Ok, so before you look at these teams and yell and scream at me, let’s look through this list. Every matchup in this list is within a touchdown in terms of the spread, and we have some QB’s coming off REALLY good performances in week 1. The one game I will definitely have my eye on is Kentucky-Missouri. Connor Bazelak had a slightly above average performance in terms of QBR (59.3), and he should only improve as the season goes on. Will Levis (82.9 QBR) is actually top 10 in the country in terms of QBR and EPA/Play. Again, it was only one week of play. But both of these QB’s came into these seasons with high expectations, and definitely ones to keep your eye on.
The Group of 5 matchup on this list i’ll be keeping tabs on is the Army-WKU matchup. The clash of polar opposite offensive styles. The triple option vs the Air Raid. Western Kentucky QB Bailey Zappe finished week 1 with a 92.7 QBR, and someone you need to keep your eye on as the season unfolds. If Army goes up early, forcing WKU to get more aggressive passing the ball, they have all the ability to do it. This game could go down as the “sneaky amazing game that people didn’t watch”.
These are the games the model classified as having the potential to be “good”. In my mind, this means you feel satisfied watching two teams you did not have any connection to leading into the game. There are a lot of games to pick from in this category, including the College Gameday stop Iowa State vs Iowa.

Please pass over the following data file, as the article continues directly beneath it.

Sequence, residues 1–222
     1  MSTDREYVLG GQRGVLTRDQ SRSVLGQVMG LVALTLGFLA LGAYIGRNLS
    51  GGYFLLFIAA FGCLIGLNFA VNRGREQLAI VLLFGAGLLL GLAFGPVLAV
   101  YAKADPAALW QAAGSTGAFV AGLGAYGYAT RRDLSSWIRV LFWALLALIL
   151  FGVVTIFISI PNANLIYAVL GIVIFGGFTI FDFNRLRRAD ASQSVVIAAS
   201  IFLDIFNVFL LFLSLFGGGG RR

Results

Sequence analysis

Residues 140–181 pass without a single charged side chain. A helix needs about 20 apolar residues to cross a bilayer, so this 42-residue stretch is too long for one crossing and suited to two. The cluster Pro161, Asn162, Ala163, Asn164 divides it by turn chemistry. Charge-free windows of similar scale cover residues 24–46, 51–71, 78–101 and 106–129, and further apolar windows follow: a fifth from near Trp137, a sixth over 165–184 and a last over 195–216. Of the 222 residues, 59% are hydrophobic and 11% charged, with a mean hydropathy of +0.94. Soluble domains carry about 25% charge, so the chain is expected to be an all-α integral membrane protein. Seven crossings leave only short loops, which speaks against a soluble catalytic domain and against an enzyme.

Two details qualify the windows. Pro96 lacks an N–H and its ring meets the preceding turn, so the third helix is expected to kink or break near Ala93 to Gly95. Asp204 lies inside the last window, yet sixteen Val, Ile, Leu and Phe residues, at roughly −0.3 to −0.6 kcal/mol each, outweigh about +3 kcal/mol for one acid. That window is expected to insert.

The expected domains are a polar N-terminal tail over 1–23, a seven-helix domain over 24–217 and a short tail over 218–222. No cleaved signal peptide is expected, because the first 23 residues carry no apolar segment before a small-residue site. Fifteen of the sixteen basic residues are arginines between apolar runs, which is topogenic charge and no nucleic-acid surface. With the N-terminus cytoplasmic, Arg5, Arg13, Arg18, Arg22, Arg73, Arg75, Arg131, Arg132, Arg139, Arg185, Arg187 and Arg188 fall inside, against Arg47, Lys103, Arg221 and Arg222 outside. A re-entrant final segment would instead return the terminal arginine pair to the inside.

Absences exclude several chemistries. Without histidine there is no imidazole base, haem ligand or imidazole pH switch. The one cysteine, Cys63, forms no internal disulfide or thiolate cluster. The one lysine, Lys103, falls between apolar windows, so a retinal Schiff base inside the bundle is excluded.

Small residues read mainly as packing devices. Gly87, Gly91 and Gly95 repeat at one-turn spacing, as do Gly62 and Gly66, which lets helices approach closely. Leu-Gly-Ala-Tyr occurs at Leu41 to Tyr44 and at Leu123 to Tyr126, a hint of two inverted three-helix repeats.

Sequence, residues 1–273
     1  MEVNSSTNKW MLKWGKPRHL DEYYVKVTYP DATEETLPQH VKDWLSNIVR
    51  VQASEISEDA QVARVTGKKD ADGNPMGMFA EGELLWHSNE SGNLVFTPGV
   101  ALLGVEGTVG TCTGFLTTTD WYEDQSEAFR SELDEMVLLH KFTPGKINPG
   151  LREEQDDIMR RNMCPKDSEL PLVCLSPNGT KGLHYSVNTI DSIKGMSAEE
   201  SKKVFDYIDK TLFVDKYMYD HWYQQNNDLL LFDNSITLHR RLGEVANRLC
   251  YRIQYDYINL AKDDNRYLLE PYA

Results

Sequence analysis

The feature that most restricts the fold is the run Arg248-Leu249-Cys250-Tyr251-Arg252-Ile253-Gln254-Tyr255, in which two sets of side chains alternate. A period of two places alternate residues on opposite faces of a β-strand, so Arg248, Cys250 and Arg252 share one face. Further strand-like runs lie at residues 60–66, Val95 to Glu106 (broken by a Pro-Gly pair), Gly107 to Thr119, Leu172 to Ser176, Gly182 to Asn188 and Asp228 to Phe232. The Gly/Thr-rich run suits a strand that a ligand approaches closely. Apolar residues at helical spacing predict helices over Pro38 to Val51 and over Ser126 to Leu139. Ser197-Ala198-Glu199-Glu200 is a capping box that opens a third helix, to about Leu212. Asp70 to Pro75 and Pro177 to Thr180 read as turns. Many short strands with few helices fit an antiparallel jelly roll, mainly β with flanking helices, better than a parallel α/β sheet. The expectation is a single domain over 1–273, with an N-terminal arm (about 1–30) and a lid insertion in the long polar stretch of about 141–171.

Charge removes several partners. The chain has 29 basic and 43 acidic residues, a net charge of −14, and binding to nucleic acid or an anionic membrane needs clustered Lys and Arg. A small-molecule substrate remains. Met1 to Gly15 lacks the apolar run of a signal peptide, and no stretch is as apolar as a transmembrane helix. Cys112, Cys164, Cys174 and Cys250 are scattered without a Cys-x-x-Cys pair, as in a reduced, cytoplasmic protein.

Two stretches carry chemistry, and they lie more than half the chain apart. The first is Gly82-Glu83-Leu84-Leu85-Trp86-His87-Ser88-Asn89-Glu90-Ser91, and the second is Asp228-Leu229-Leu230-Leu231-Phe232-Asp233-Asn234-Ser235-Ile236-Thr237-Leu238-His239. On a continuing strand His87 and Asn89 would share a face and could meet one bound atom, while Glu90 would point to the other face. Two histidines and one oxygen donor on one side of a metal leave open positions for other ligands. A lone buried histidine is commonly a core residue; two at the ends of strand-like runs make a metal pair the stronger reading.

SMU vs North Texas isn’t expected to be a close game judging by the 22.5 point spread. I do want you to know that SMU QB Tanner Mordecai (formally of Oklahoma) is coming off a historic QB performance. As in the highest EPA/Play of the CFP Era:
I know, I know, its Abilene Christian. You would most likely filter this game out because of a FCS team. But look at the numbers! Absolutely clean slate on lost EPA, 74.3% success rate, and 65.7% of his plays were explosive. He will come back down to earth, but is still worth a look.
Iowa-Iowa State should be a college gameday game that lives up to its hype. Iowa dismantled an Indiana team that had high expectations on their own, and Iowa State came into this season believing they could reach new heights as a program. Even with a low point total, this game should see plenty of win probability swings
There you have it! A list of games to hold you over before or after your favorite team plays. A good strategy would be to pick a game from each list and give them a go. You never know you may end up finding some enjoyable football!
It should be noted that “exciting” games is a pretty subjective term. We all have things that we deem “exciting”, and some of those things could be things other people don’t find exciting. The excitement index measures swings in win probability, but doesn’t tell you whether a team passed their way back into a game, or took a lead running the ball. In the end, a good weekend of football with friends and family (be safe and healthy) is ALWAYS fun and exciting!
If you want to see more charts and one off analysis, follow my twitter page, @CFBNumbers
Cover Photo Image: Jack Zinsky (https://studentunionsports.com/the-2013-iron-bowl-revisited/auburn-field/)